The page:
Is the online advertising model broken for print media brands? Who says it was ever OK?
With ad dollars falling, and profits disappearing, many print media executives are wondering what happened to the promise of Internet advertising
The media world is finally getting around seriously evaluating their online media ad efforts. I suppose late is better than never, but it does beg the question of whether media executives have been deluding themselves all these years thinking they were killing it online when they really weren’t.
For the past decade and a half, media properties have been able report double digit growth in digital advertising. Of course, doubling a microscopic amount of revenue is easy, growing it in real terms is much harder.
Suddenly aware that much of the ad dollars going to online going to bogus websites, being spent on phantom impressions, or being spent but never seen, media pros are wondering it this is a game they really can win.
Let’s play a little game: type in the web address for The New York Times, but make an intentional typo and see what comes up. Why would anyone buy a URL that is a typo? I think you can answer that question.
The web is filled with websites that only exist to aggregate content and display Google AdSense advertising.
Recently I was told a story of a sales rep who made a call on a large, very large digital ad agency. Apparently this sales person was very excited, they had a great story to tell, successful results for clients, and a bag full of new things to talk about. He left disillusioned.
“All they cared about was impressions and CPMs. They wanted the most impressions at the cheapest cost. They weren’t interested at all in reaching relevant readers.”
So it goes.
As media properties have reduced their sales forces, changed their emphasis from paid advertising to paid readership, they have lost the ability to tell their story. But this doesn’t mean they have lost the business, they never had it.
A decade ago the big question being debated by publishers was whether they should have their existing print staffs sell digital advertising or create a new department to do the sales. The problem was two-fold: their print sales people didn’t understand the web, and they weren’t interested in selling something that only looked to them to be an ancillary buy. Most newspapers and magazines began by giving away the ads in exchange for securing the next year’s print schedules. Those that did create new sales departments found that it was an unsatisfying experiment due to the small dollars being produced, and the big headaches that resulted.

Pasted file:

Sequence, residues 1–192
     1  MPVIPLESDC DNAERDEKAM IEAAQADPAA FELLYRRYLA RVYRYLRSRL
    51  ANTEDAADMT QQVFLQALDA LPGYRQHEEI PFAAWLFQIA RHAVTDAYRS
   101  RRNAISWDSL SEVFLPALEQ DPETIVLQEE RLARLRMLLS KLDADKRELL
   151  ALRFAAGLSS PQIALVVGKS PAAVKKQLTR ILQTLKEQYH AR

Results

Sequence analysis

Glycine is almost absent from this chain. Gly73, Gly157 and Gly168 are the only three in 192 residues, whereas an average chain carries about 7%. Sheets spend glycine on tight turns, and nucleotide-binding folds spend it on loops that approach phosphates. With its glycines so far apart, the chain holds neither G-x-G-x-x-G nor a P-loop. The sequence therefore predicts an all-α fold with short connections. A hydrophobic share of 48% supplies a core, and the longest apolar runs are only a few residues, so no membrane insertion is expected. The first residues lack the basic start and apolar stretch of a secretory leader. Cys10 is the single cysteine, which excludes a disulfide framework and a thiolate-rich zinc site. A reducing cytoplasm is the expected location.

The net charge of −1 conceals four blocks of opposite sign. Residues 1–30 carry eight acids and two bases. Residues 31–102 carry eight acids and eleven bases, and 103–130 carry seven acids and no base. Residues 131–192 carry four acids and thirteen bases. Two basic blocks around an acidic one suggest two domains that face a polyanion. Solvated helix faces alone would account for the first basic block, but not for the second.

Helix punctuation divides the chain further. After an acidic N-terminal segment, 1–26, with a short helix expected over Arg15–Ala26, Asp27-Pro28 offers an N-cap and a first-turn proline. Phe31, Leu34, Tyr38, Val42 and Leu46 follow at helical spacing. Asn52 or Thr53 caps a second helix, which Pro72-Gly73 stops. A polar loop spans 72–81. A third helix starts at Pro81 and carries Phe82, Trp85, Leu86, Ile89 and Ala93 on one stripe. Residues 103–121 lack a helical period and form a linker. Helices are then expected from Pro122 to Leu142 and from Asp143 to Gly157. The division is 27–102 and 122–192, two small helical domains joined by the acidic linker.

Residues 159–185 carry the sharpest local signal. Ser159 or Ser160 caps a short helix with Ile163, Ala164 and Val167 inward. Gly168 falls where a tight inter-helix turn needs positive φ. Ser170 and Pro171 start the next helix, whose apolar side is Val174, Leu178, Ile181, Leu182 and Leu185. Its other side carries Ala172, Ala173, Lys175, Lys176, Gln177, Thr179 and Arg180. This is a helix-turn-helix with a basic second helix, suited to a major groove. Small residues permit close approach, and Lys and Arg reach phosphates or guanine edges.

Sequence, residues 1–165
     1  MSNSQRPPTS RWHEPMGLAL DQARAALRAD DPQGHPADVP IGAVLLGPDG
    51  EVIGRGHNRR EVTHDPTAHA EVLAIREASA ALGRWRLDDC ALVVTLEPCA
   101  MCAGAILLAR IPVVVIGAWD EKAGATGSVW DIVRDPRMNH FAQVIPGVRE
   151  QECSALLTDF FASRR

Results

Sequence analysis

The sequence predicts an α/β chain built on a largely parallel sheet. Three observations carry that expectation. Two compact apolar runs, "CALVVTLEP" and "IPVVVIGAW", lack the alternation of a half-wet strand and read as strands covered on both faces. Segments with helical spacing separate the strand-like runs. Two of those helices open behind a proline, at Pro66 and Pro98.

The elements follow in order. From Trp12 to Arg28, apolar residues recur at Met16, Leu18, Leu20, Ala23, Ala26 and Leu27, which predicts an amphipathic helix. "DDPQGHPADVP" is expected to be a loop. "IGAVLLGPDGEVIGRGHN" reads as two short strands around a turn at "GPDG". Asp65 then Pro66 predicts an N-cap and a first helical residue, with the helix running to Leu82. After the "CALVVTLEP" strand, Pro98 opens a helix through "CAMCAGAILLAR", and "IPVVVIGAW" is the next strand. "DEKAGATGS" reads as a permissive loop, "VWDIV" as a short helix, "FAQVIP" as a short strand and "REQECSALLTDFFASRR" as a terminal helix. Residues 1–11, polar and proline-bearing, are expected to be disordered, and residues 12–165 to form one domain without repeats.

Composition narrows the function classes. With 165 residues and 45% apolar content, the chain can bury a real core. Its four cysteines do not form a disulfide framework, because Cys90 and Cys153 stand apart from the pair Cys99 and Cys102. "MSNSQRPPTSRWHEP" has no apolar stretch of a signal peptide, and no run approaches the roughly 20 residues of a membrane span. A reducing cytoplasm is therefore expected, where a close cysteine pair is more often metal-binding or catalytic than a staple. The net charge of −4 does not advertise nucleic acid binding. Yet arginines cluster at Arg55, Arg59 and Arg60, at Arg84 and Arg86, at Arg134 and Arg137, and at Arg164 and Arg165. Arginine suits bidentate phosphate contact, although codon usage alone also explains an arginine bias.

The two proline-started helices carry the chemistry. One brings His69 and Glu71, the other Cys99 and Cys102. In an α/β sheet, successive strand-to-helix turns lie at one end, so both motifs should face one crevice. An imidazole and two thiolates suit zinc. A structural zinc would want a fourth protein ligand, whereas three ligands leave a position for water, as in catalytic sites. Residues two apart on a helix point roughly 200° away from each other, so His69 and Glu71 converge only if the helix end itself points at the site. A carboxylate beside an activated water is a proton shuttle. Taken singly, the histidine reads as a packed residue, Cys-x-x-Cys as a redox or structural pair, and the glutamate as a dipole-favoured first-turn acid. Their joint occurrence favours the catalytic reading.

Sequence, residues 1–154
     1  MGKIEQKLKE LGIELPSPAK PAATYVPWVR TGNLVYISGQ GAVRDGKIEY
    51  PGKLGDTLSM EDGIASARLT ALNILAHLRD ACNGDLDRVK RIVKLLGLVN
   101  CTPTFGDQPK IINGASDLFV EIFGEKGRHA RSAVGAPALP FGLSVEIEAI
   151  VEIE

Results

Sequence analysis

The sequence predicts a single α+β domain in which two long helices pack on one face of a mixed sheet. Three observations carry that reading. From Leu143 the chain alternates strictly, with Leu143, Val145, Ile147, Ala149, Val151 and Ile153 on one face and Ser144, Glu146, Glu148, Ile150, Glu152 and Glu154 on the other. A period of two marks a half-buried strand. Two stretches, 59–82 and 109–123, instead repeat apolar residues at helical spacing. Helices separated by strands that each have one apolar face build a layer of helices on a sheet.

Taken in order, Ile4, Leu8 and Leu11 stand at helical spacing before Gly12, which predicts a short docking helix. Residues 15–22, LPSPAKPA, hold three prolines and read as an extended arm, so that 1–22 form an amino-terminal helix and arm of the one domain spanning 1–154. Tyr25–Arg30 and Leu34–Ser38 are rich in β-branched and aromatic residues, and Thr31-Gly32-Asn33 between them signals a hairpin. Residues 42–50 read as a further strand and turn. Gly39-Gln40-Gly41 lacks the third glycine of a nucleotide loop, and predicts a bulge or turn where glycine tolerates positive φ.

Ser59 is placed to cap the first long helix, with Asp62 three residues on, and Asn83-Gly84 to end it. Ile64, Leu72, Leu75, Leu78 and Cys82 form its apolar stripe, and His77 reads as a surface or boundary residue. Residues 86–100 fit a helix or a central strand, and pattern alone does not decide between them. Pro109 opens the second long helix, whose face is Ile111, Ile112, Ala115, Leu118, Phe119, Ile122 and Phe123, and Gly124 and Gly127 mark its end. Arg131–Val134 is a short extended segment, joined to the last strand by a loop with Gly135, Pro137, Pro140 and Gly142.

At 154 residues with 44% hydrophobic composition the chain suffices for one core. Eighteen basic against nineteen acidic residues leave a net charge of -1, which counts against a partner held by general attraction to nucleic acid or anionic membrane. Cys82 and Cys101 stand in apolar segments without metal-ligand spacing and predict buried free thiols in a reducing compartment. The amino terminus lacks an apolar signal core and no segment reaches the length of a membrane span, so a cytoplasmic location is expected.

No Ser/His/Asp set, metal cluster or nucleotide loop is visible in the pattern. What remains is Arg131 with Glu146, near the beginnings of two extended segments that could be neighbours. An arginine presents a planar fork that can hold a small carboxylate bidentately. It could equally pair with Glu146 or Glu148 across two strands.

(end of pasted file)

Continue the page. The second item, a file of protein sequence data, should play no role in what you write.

But at no time did print publishers kill it on the web. First, there were not may dollars to be had. And when the dollars grew, they did not go to print publishers.
I’ve always argued that when creating for another publishing platform that you must be native to that platform, that you have to understand that platform, and be able to succeed there on its own terms.
But let’s not be romantic about print, either. I’ve always found it funny that when looking at newspaper and magazine audit reports that those supermarket tabloids are often left out of the conversation. Included, they make the top lists of publication look very different, far less the way publishers like to think of their industry. But worldwide there is a lot of junk media being produced, and it sells, and it attracts advertising.
Like it or not, The Huffington Post is the number one news site not because it produces the most scoops or the best reporting, it is all that other content. It is also the number one news site because someone, somewhere decided to include it in their charts.
But if you look at the top websites by overall traffic how many of them are considered “news sites”? It turns out that The Huffington Post, the #1 news site, is the #76 site overall. Beating Arianna won’t make you #1, it makes you #76.